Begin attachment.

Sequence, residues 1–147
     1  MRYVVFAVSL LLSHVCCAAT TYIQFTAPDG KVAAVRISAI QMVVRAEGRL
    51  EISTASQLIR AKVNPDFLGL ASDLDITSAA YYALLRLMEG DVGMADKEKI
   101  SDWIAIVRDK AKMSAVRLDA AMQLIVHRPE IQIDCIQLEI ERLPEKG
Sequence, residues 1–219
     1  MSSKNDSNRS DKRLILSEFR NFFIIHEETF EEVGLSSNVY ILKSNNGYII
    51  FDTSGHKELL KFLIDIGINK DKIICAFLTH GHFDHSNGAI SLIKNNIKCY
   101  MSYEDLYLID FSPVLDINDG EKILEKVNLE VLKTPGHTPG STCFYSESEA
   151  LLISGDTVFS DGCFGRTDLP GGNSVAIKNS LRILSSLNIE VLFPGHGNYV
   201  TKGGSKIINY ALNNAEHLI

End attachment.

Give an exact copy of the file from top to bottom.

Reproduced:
Sequence, residues 1–147
     1  MRYVVFAVSL LLSHVCCAAT TYIQFTAPDG KVAAVRISAI QMVVRAEGRL
    51  EISTASQLIR AKVNPDFLGL ASDLDITSAA YYALLRLMEG DVGMADKEKI
   101  SDWIAIVRDK AKMSAVRLDA AMQLIVHRPE IQIDCIQLEI ERLPEKG
Sequence, residues 1–219
     1  MSSKNDSNRS DKRLILSEFR NFFIIHEETF EEVGLSSNVY ILKSNNGYII
    51  FDTSGHKELL KFLIDIGINK DKIICAFLTH GHFDHSNGAI SLIKNNIKCY
   101  MSYEDLYLID FSPVLDINDG EKILEKVNLE VLKTPGHTPG STCFYSESEA
   151  LLISGDTVFS DGCFGRTDLP GGNSVAIKNS LRILSSLNIE VLFPGHGNYV
   201  TKGGSKIINY ALNNAEHLI